The journey was fantastic.  Spring in the wilderness, before the bugs, the heat, and the crowds, is a special time.  Happiness comes from everywhere you look.  Peace is all around you.  Life is great.

Hope you enjoy this little write-up.  Find something good in each day.


Monday, June 15, 2015

Discover the Trezona Trail

Ely’s Trezona trail has a lot to offer.  For some of us it is our regular exercise path during all four seasons.  You’ll see wildlife like whitetail deer and snowshoe hares and plenty of birds.  To walk, ski, run or bike the complete trail is a four mile love affair with nature.  Walking and talking at leisure takes about an hour and a half around, but at a faster pace, focused on the exercise, you’re much closer to 60 - 70 minutes of quick stepping.

On Saturday we walked together as a family and took time to admire the many colorful flowers and greenery along the path.  If you want a lesson in the forest around us, you can’t find a better choice right in town as the trail winds its way through red and white pines, spruce, paper birch, ash and cedar trees.  There are pin cherries, june berries, raspberries, honeysuckle, vetch and many other smaller ground cover type bushes and plants.

The terrain which encircles Ely’s Miners Lake (a former iron ore pit) elevates to granite outcroppings and dips down to the edge of the mine pit and into the cedar swamps lush with moss and wetland flora.  It has beautiful sections in the shade of the forest and bright sunlit sections that wind their way out of the woods and along the edge.  You’ll find yourself walking by Miners Dry, the building where our Miners used to wash and dry their clothes at on Saturdays.  These days the Miners Dry and Shaft House is home to the Ely Arts & Heritage Center.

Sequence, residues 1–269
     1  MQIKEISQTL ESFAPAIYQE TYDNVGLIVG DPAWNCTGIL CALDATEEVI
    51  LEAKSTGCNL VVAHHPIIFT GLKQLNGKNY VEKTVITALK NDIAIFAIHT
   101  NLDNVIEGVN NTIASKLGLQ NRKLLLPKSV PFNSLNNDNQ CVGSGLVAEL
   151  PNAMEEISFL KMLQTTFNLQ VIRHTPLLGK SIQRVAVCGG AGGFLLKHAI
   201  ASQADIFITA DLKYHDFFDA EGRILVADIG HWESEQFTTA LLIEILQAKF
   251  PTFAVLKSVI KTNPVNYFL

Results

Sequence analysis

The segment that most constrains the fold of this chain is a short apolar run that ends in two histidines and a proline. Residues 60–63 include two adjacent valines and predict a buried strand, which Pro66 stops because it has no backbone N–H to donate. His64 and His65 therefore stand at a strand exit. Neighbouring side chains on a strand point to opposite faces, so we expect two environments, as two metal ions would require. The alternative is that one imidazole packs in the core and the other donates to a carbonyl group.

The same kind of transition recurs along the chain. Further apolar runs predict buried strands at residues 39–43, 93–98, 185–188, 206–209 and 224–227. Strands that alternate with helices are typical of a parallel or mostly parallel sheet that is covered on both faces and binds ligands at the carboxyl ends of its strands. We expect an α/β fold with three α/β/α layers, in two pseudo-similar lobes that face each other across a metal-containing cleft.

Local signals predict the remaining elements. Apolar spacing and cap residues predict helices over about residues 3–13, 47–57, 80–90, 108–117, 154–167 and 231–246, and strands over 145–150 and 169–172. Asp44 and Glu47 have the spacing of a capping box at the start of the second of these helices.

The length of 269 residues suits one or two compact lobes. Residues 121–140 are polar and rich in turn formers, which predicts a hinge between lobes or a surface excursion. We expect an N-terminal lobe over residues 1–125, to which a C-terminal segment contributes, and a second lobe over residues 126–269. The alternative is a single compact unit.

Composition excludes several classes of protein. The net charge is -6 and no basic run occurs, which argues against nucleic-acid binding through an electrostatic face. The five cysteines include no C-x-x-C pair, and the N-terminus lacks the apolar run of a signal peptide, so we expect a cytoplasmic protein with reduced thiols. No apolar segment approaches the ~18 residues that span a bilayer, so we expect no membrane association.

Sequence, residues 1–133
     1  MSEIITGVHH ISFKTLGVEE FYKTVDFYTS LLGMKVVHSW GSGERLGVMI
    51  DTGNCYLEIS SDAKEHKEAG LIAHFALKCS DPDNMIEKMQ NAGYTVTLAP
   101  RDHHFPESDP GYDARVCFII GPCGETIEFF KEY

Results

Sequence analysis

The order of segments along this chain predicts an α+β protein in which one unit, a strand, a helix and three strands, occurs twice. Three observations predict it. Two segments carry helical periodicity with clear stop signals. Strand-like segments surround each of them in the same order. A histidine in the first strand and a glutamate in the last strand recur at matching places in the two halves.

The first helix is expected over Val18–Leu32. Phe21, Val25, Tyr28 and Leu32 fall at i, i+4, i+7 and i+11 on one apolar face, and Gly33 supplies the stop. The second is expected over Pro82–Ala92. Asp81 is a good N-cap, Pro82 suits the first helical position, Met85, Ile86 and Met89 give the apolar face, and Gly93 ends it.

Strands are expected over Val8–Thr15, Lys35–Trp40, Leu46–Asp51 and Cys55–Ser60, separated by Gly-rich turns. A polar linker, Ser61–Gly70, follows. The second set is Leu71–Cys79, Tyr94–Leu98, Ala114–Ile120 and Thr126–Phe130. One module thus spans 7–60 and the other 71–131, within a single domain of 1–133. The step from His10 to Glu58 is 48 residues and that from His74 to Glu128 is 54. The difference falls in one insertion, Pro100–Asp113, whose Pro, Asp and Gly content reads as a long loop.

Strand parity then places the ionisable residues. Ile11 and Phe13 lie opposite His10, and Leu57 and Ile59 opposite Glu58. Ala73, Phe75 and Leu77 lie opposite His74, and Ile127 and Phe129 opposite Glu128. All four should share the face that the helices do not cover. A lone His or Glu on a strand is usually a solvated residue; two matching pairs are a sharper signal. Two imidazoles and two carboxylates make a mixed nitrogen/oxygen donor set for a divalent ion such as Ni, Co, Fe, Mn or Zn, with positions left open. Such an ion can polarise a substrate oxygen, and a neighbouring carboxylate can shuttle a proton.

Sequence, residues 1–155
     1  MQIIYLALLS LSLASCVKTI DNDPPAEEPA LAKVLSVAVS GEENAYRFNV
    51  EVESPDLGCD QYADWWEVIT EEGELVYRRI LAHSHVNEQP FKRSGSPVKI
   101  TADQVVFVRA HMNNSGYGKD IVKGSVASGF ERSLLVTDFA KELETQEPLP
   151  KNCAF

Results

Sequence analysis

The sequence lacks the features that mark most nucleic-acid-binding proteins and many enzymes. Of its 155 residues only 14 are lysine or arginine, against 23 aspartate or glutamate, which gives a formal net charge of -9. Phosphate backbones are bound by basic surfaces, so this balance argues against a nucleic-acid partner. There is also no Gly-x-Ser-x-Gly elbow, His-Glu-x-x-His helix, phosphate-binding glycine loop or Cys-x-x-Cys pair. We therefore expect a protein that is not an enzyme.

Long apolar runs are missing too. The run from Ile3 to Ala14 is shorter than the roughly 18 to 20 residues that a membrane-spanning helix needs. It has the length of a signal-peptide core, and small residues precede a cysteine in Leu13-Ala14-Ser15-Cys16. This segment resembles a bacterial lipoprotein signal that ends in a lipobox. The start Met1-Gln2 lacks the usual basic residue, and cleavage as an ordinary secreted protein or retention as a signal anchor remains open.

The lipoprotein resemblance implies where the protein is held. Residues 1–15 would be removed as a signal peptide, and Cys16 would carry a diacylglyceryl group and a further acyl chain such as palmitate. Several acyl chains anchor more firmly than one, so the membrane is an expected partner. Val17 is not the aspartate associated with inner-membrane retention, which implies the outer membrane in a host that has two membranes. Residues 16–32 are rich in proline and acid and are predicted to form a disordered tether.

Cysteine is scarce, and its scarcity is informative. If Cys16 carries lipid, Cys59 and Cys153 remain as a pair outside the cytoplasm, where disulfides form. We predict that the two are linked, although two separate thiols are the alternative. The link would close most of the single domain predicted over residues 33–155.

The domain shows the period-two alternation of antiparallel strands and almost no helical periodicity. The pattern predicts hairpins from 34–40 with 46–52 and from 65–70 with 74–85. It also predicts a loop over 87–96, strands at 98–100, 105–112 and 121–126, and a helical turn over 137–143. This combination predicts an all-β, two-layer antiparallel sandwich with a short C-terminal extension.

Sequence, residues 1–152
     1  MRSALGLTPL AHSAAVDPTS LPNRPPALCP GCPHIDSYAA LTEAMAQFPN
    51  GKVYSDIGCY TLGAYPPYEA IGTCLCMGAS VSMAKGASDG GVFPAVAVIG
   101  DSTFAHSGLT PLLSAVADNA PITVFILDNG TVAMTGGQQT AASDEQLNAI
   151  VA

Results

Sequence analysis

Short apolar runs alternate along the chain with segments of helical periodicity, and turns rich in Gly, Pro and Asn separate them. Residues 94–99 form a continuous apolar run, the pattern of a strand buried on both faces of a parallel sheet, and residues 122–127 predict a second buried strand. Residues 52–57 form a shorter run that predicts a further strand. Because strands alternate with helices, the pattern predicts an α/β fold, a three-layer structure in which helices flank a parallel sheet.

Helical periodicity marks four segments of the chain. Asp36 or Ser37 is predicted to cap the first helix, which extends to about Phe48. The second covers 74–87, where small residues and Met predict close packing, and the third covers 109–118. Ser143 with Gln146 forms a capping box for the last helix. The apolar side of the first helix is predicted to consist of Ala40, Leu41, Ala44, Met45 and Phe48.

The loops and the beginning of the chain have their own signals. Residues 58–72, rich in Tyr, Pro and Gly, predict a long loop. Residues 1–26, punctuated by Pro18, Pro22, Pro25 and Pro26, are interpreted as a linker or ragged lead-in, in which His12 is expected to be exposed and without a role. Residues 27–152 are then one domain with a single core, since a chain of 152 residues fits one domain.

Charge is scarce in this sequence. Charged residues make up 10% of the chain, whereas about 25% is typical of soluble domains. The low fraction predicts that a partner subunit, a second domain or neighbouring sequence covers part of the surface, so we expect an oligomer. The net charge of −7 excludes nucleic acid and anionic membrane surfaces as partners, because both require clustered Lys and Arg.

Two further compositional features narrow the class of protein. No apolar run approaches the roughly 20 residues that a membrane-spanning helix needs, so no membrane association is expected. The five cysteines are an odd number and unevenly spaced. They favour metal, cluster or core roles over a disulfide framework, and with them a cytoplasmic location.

It is a great walk and one you can have your car waiting for at the end in an easy to access parking lot just 3 blocks from Piragis Northwoods Company.  There are benches along to route if you feel you need to take a rest and at the parking lot there is a portable outhouse :)  Bring along a water bottle and an energy bar and your dog if you promise to keep them on a leash and clean up after them.

We started our walk by spotting some Forget-me-nots and discovering some beautiful and hearty wild roses just down the path.  In the first mile we saw many more flowers including Columbines and Dwarf Dogwood (Bunchberry).  Around the bend, bright and tall in the green grasses, we spotted Orange and Yellow Hawkweeds and in the shade by some additional Dwarf Dogwoods some small fragile Canada Mayflowers held court with their airy blooms.  Along the way we spotted a tree that we think looks like it has a face of its own and what Northwoods hike would be complete without the large fronds of Interrupted Ferns.


Wild Roses

Columbines and Dwarf Dogwood

Can you see the old man's face in this tree?

A pale pink wild rose

Orange and Yellow Hawkweed

Yellow Hawkweed

Canada Mayflower (top) and Dwarf Dogwood (bottom)

Large Interrupted Ferns

Secret Creek ;)

As the path curves around the end of the lake and back towards town, keep your ears open for running water (i.e. a babbling brook).  Off to your right hand side there is a hidden path that leads to a small creek just a few steps off the trail.  It is a cool place but don't stay too long because the mosquitoes will find you quick :)

        There’s plenty to look at if you like walks on well established paths with good company.  There are also other paths and hiking trails around the Ely area, just ask us.  Thanks to Nancy Piragis and Jen Stouffer for helping me identify all the pictures that I snapped along the way.

See you around the bend!  Tim Stouffer

Monday, February 9, 2015

BLOG 83. A Practical Cook-set for the BWCA and Beyond

by Cliff Jacobson

Commercial cook-sets are like drugstore first-aid kits; you get just enough to survive the day, but not enough to enjoy it.   So if your idea of canoe cookery is one pot boilinglop, read no further.  This advice is for those who like good food and are willing to take the time to prepare it. Don't misinterpret: you don't need to slave for hours over a hot  stove to produce tasty meals.  The right tools and 30 minutes will do it.

For a party of four, I carry:
Two nesting pots with covers, the largest of which should hold 16 cups so you can boil pasta without gluing it to the bottom.  Pots may be stainless steel, aluminum, or porcelain-lined carbon steel.   Some studies suggest that aluminum may be linked to Alzheimer's disease and lung damage. But given the light weight of aluminum, and the limited days most of us camp out, I hardly think it’s a problem.